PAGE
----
Why Does My Child Have a Cavity?

If your toddler has a toothache, he or she most likely has a cavity. "But we don't even eat sugar at our house! How does he have a cavity?" Great question! The fact is, most cavities in children aren't caused by soda and candy (although soda and candy will definitely do the trick!). They aren't even caused by "bad brushing habits". So why does your son or daughter have a cavity even though she eats healthy, brushes regularly, and by all measures is the dentist's perfect patient? The answer is simple: snacks! Children and toddlers eat a lot and eat often. They are growing at a rapid rate and they get hungry all the time. They need the energy and nutrition to grow and function properly. But even if your child only eats healthy snacks, it can still lead to cavities. Why? Because constant snacking creates and acidic environment in the mouth, which makes it easier for cavity-causing bacteria to thrive. So what's the answer? It's not realistic to tell a growing child not to eat. So, if your son or daughter is a constant snacker, make sure he or she has water handy to drink AFTER the snack is gone. That will help reduce the acid in the mouth and reduce the chance of cavities. You might also want to add in a mid-day toothbrushing session to keep the mouth clean. For more information, check out our article about children and cavities.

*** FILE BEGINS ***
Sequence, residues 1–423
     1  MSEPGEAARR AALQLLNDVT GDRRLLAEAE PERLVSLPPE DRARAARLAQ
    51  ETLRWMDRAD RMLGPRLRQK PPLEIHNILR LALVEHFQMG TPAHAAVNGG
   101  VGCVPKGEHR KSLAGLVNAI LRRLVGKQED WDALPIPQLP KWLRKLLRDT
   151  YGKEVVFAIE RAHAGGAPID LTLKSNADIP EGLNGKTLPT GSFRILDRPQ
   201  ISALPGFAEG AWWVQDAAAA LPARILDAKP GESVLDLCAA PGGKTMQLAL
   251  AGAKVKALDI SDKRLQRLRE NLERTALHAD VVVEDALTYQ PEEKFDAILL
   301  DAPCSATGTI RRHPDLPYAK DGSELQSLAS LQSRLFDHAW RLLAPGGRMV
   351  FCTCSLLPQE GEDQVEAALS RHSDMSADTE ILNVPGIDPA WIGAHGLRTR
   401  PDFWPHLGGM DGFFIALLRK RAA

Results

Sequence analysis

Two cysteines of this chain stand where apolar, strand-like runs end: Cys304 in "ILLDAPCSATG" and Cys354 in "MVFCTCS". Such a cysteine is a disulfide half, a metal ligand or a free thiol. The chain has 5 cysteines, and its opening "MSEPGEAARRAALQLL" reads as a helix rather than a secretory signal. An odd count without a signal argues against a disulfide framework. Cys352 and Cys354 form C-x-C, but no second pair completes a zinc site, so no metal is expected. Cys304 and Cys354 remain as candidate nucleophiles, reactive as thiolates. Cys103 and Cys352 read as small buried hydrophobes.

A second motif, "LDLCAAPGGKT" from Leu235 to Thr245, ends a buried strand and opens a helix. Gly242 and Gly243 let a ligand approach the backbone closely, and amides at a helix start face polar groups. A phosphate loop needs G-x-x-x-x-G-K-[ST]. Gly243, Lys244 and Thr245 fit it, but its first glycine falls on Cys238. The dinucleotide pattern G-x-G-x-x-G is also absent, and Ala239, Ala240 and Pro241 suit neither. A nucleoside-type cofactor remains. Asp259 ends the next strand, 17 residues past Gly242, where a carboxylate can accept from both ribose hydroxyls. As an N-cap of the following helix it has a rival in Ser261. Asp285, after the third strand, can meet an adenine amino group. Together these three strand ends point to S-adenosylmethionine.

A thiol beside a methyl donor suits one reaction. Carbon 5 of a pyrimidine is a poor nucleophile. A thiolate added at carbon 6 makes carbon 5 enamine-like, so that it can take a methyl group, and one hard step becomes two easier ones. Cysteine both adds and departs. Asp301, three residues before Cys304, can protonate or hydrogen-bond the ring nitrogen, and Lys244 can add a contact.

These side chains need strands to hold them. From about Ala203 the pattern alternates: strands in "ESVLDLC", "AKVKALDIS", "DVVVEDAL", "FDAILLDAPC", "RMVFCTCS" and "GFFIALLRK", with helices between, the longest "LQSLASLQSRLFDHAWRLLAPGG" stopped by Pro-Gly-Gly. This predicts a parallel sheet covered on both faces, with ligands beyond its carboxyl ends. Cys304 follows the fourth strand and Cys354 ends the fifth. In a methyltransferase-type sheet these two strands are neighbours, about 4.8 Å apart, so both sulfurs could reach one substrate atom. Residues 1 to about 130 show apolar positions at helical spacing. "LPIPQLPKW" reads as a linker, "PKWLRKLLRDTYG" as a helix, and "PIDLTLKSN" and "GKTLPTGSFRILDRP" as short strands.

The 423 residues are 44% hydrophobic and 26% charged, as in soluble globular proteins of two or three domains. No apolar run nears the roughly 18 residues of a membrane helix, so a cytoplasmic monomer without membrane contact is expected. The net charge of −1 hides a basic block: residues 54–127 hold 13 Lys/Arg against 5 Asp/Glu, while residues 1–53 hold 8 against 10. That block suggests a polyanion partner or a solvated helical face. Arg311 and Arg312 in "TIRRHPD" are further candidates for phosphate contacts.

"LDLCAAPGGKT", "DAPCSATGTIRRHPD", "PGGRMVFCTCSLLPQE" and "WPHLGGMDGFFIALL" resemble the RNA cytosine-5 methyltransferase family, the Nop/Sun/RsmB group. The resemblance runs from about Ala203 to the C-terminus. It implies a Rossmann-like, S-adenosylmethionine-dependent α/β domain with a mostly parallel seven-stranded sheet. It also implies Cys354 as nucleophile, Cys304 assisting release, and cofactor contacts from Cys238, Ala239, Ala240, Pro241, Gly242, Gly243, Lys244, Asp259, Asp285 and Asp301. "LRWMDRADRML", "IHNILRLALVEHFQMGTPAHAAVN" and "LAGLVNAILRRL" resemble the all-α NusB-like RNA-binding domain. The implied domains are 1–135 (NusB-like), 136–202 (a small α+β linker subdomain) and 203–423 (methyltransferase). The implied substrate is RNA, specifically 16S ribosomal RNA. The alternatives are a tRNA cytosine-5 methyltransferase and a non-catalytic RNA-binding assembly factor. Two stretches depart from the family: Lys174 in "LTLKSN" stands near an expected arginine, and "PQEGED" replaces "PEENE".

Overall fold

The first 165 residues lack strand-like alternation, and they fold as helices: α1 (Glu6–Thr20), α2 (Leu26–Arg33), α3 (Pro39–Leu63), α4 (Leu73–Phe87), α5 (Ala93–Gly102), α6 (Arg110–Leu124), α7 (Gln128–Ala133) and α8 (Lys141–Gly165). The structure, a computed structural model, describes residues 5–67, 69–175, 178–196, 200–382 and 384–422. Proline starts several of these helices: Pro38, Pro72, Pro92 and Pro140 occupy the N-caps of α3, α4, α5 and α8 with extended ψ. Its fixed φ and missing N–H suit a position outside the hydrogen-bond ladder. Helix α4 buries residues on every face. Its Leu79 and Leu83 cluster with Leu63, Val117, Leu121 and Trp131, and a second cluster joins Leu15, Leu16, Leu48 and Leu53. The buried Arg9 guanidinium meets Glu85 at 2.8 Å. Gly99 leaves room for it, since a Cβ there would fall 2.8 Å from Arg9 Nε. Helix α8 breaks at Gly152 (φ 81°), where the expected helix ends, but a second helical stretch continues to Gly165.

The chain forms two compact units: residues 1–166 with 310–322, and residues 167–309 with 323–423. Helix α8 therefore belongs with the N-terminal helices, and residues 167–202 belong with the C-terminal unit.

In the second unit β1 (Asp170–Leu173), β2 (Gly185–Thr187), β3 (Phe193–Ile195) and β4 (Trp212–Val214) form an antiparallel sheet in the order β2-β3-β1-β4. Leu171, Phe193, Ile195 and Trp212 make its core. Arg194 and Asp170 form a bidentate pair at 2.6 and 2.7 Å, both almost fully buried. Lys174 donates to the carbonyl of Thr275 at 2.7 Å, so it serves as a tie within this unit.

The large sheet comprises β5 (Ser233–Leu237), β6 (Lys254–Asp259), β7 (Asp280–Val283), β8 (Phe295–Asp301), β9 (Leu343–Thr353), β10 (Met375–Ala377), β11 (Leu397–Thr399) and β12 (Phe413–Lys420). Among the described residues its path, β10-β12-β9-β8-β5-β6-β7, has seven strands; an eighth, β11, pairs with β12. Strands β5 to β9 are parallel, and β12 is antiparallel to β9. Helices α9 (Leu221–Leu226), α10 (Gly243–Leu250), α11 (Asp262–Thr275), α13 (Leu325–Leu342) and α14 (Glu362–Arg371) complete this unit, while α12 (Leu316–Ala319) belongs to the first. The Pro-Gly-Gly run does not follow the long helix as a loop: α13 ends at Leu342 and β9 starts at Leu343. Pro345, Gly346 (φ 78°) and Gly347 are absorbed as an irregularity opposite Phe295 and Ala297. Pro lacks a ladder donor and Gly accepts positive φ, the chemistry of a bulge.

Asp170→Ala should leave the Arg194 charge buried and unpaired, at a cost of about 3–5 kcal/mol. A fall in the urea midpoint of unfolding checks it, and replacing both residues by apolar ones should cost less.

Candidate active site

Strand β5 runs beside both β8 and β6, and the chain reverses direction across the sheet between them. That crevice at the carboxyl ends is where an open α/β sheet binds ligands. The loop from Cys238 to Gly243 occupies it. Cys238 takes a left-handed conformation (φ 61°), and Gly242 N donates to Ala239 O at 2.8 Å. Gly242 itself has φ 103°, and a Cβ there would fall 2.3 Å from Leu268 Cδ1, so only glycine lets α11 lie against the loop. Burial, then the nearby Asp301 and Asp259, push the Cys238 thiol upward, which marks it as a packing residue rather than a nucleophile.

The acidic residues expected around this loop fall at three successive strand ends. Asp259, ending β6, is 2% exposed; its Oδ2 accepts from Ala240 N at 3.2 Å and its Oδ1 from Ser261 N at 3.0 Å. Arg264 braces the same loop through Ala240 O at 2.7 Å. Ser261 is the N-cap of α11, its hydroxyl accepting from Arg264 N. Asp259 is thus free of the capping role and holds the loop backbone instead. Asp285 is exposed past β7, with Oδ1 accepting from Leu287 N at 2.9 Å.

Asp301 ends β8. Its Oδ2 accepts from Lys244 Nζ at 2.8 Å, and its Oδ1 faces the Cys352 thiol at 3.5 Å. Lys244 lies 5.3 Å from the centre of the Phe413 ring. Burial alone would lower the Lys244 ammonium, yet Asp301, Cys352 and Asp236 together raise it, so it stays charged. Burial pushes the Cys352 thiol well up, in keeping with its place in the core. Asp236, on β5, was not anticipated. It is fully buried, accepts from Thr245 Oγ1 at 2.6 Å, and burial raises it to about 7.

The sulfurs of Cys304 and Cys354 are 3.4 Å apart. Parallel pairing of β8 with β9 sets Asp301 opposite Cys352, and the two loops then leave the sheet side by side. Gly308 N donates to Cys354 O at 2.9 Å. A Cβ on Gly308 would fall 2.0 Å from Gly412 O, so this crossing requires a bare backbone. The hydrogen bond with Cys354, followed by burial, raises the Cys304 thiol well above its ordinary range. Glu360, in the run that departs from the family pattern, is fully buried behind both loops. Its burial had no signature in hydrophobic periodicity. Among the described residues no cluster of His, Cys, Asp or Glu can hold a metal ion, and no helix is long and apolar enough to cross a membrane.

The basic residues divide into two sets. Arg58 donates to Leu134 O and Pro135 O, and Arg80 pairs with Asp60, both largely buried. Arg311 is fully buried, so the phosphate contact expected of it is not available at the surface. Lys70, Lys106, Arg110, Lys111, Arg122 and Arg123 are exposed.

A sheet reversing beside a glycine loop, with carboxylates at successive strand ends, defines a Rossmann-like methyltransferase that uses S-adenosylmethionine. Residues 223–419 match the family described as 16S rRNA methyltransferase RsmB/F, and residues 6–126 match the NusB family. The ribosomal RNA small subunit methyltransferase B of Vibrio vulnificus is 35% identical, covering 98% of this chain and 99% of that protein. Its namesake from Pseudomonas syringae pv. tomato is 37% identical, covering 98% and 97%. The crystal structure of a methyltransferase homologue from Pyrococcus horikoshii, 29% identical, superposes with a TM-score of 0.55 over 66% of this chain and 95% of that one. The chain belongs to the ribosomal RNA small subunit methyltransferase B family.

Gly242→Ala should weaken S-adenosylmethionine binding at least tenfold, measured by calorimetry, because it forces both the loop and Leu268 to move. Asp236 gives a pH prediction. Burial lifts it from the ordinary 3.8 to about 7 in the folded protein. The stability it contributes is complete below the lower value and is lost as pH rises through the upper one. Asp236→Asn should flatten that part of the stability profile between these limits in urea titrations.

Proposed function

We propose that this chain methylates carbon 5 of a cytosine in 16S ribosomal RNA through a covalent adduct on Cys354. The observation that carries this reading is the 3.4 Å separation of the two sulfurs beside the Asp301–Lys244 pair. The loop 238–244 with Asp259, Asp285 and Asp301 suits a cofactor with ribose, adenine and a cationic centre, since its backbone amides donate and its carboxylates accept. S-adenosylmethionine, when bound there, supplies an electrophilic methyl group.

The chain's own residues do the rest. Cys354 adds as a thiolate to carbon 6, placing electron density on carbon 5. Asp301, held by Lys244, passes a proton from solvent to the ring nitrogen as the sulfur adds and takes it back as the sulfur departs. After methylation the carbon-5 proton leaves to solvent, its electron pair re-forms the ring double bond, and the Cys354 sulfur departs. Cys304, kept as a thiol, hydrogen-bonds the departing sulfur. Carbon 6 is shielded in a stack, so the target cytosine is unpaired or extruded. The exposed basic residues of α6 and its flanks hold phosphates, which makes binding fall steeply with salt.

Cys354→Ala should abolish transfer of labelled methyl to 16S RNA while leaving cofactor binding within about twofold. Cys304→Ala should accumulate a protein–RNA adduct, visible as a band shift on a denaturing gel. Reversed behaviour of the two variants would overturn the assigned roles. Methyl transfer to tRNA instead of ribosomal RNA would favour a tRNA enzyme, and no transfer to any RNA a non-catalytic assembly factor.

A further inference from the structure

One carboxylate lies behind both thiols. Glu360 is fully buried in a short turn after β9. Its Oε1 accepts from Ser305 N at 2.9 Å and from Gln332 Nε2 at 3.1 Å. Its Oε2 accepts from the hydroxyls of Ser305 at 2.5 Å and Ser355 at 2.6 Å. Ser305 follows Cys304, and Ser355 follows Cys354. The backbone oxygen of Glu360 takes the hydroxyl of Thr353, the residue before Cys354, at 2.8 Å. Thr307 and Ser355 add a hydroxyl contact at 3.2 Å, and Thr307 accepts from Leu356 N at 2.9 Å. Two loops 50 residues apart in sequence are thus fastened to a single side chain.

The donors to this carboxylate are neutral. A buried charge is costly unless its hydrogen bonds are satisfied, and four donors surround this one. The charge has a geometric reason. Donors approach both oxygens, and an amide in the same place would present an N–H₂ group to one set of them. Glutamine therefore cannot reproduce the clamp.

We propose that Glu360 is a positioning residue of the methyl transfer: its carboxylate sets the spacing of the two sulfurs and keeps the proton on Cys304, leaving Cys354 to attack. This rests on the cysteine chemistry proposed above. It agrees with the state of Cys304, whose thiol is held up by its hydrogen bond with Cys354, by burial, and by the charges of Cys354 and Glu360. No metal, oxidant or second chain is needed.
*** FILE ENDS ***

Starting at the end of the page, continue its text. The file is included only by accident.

For more information about cavities in children and toddlers, watch the short video, below.

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